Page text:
Charitie Lees Bancroft, who lived in the middle of the nineteenth century into the first quarter of the twentieth century, wrote an amazing hymn on the strength of this, which I quote to you with great frequency. And it begins,
Before the throne of God above,
I have a strong and perfect plea,
A great High Priest whose name is Love,
Who ever lives and pleads for me.
My name is graven on his hands.
My name is written on his heart.
I know that while in heav’n he stands
No tongue can bid me thence depart.
Nobody can come to me and say, “Hey, you, get out of here!” Why? ’Cause I’m gonna say, “I’m with him. He brought me. He bought me, and he brought me. And he keeps me. So you can’t tell me to get out of here.”
When Satan tempts me to despair
And tells me of the guilt within,
Upward I look, and see him there,
Who made an end to all my sin.
You see, how do I hold firmly to the faith that I profess? I remind myself of what it means to have Jesus as a Great High Priest.
Because the sinless Savior died,
My sinful soul is counted free;
For God, the just, is satisfied
To look on him and pardon me.
One with himself I cannot die.
My soul is purchased by his blood!
My life is hid with Christ on high,
With Christ, my Savior and my God.
Loved ones, let us ask God to write these truths in our hearts so that we might hold firmly to the faith that we profess. And that means more than simply holding firmly to the truth of who the Lord Jesus is in his priesthood. It means holding on to what the Bible teaches about all of the world. It means going into the book of Genesis and saying, “Here is God’s explanation of the origin of the universe, and though the world may laugh at it and people may disdain it, I believe it.” It means understanding and believing all that God has said regarding sin and death and eternity and salvation, and saying, “You know what? I’m gonna hold firmly to the truths in this book.”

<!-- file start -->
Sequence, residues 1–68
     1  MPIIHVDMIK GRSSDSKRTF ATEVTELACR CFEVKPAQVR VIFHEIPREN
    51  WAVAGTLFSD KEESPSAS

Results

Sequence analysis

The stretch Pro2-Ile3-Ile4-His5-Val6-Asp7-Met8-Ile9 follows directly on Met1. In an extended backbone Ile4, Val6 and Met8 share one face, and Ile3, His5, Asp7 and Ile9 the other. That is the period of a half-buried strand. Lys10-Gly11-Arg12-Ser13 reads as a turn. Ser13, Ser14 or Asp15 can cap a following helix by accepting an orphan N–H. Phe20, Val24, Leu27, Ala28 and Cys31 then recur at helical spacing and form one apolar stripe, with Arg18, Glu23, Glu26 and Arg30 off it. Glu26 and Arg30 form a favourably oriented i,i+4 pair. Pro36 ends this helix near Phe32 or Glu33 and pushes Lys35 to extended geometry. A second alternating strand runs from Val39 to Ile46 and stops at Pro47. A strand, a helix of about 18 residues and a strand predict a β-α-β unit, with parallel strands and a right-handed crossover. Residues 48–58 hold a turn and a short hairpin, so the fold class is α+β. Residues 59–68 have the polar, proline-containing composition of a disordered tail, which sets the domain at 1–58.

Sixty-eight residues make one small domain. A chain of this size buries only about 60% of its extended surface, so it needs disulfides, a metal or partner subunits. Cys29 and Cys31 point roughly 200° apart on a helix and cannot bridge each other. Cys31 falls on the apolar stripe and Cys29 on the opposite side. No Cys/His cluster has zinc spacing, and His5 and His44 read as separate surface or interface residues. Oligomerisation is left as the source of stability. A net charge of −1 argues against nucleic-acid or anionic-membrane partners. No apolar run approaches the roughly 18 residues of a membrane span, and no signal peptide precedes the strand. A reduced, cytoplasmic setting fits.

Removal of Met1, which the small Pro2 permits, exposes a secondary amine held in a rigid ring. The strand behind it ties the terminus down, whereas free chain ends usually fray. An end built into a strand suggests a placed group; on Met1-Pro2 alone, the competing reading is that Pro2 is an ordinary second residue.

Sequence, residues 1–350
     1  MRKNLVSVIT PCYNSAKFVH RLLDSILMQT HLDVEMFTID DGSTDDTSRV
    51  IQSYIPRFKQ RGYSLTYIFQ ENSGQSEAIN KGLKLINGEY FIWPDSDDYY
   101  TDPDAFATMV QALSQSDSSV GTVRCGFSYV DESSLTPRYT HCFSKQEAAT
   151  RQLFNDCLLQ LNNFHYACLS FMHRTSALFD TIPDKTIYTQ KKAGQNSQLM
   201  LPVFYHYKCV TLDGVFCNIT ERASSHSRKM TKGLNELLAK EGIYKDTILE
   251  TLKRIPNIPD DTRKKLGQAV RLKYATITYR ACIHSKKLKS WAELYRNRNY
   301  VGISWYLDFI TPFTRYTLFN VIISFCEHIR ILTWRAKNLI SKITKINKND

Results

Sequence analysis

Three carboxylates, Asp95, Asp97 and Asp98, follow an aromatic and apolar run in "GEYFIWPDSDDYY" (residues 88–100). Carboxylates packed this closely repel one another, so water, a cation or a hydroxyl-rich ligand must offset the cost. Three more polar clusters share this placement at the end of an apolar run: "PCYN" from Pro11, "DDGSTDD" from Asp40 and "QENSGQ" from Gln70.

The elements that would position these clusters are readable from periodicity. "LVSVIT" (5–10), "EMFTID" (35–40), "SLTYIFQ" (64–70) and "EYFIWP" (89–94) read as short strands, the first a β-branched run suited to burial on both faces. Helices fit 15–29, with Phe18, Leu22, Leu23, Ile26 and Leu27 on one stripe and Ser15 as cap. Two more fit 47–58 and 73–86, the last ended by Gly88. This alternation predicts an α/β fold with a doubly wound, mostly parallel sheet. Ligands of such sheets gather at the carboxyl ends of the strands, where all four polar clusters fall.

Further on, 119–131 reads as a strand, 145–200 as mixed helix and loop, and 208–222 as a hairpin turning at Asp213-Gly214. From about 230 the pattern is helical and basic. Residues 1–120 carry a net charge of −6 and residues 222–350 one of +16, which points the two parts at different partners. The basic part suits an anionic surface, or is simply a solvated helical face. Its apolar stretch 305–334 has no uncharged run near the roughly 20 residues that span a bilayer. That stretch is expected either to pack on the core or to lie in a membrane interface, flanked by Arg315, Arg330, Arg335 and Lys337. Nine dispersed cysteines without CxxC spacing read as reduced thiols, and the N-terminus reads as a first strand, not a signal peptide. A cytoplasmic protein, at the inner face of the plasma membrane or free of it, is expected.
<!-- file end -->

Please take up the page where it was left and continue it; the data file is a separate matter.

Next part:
And then finally, let us not only “hold firmly to the faith we profess,” but in verse 16, “Let us … approach the throne of grace with confidence.” I don’t know that I’ve ever been before a throne, in actuality. I suppose in traveling around I’ve seen one or two that had to do with historical factors, but I’ve never gone before a throne, and I’ve a sneaking suspicion that if I were to get the summons to go before Her Majesty’s throne—at least, my Majesty’s throne—that I’m not sure that I would go with confidence. I think I would go with fearfulness.
But he says, “Here’s the way to come before the throne of grace with confidence.” In the Old Testament, the high priest represented sinful and weak human beings before a holy God, and now, he says, Jesus is representing us and making it possible for us to go forward with confidence, because it is a throne of GRACE: it speaks of “God’s Riches At Christ’s Expense.”
And what happens at that throne? Well, he says, at that throne we can “receive mercy,” which we badly need to deal with the sins of yesterday. And we can “find grace,” which we sorely need to meet the needs of today. “Let us then approach [this] throne of grace with confidence.”